1. I have read several of your dance reviews and like the detail and tone of them very much. You identify and appreciate all that is well done in a performance and any criticisms are expressed very delicately. A few critics could take a leaf out of your book, as could I, probably!

    I saw that matinee performance as well. When Tamara looked out at the auditorium in wonder at the beginning of Act 2 she was probably wondering why she could see the audience in the upper circle (the lights were up for the first ten minutes or so).

    Here’s to watching plenty of great dance in 2016!


    1. Thank you for your kind words, and for reading my thoughts, Aileen. I am delicate with criticism mainly because on one review I did, I was not, and the director read it and messaged me quite upset. Legitimately so. I have decided that if something is minor,to maybe not mention it, and if noticeable then to be delicate! Didn’t realise the house lights were on by the way! Must have been a bit odd for her! Did you enjoy the show on the whole?
      And yes, may 2016 bring more dance joys to us both 🙂


      1. Yes, I did enjoy the performance although I don’t find Tamara a natural in the role (despite her astonishing fouettés). I prefer a more crystalline SPF. Max is one of the most reliable partners in the company (so it’s no surprise that he was Tamara’s partner) but I felt that he wasn’t at his absolute best on Saturday. The choreography for the Nutcracker is demanding anyway but it must be made even more difficult by that large, unwieldy mask, which all the men seem to struggle with to some extent, unsurprisingly. The music seemed a tad too slow to me through much of the performance, which affected the pace of the action a bit, I felt. I was interested to see Gouneo. He’s a nice dancer and I look forward to seeing him again in a very different role in a couple of weeks time. I’ve seen this Nutcracker quite a few times now. It has some major flaws but some nice touches as well. I feel that, with Alina’s injury, Fernanda’s absence and Erina, Isaac and Ksenia all guesting during the Nutcracker season, the company has been stretched thin this year. You need a lot of senior dancers to cover so many performances in such a short time, particularly on the male side as Drosselmeyer is a dancing role in this version. I hope that everyone is healthy in time for Corsaire.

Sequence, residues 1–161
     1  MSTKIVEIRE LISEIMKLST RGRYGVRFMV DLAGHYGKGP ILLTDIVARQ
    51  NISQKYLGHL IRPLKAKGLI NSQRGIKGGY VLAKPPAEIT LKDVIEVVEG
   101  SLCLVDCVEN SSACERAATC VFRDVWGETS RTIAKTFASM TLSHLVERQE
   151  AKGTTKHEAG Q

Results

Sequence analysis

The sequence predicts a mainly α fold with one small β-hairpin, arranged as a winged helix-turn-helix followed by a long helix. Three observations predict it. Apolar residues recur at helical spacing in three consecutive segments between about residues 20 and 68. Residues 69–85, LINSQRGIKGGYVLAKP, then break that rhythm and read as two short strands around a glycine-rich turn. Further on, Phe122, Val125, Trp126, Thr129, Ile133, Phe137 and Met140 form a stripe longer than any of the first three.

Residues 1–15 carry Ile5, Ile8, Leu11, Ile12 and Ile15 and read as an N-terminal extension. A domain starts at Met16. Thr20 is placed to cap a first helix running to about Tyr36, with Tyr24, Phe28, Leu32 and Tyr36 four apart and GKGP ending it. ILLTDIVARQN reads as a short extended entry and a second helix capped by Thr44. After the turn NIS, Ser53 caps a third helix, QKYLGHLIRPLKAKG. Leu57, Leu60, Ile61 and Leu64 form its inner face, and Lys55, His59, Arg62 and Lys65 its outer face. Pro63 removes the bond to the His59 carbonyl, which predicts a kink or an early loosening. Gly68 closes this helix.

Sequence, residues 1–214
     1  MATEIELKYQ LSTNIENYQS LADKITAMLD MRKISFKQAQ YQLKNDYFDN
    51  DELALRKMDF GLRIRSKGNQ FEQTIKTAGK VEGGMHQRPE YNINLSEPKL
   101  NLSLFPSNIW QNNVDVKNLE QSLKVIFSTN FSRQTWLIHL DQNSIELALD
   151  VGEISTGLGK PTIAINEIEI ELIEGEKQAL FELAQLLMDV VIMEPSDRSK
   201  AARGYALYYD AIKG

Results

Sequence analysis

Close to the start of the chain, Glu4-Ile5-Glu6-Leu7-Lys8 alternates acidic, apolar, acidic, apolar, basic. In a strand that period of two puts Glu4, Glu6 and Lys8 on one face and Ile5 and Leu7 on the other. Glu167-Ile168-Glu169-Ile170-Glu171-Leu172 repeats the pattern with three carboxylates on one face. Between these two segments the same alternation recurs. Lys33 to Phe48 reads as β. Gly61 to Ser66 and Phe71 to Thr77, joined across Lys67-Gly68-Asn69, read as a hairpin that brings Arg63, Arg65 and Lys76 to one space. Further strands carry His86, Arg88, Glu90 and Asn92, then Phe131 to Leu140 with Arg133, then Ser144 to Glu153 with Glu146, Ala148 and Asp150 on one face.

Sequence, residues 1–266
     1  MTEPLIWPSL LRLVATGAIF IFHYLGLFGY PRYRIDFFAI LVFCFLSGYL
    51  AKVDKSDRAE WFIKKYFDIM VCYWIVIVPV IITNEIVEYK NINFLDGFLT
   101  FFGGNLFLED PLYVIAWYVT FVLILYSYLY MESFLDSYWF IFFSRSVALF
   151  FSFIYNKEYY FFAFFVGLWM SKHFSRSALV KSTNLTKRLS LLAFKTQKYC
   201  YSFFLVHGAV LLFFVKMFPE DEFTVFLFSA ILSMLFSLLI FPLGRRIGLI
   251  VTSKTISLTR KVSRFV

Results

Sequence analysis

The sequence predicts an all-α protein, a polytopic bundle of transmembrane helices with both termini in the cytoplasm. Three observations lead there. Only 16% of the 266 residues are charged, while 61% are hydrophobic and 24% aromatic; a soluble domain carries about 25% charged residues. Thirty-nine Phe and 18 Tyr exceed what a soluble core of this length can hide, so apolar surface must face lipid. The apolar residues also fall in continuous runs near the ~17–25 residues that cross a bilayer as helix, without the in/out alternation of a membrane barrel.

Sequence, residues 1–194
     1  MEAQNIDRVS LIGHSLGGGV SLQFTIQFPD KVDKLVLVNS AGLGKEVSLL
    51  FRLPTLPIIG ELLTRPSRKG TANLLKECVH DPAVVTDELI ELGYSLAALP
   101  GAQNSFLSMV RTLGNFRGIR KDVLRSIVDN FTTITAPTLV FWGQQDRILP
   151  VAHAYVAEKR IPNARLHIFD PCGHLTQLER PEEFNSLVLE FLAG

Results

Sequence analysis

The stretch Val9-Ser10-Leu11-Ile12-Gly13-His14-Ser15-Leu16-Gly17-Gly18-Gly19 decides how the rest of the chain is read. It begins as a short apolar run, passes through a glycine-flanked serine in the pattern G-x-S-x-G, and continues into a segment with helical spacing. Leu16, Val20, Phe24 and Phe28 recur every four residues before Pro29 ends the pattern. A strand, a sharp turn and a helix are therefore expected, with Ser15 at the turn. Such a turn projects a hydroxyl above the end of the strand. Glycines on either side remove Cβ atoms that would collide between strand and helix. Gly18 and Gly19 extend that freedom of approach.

It was odd to have the lights up at the beginning of Act 2. It must have been distracting for the dancers during that tricky trio. However, they have probably had to deal with far worse.


      2. I agree about Mr Westwell, as you can tell! Something indeed didn’t go too well for him. And as you say, the mask is a real hindrance. I could feel that they were being pushed hard.

        I have Alina booked for Corsaire but I don’t imagine she will be fit for it, sadly.

        And yes, that trio does look tough – and a bit ungainly in moments. I am not its biggest fan, but as you say, it has nice touches, in a show with more than a few of those touches. I am fairly easily pleased! Give me enough small moments and I often forget about other issues :p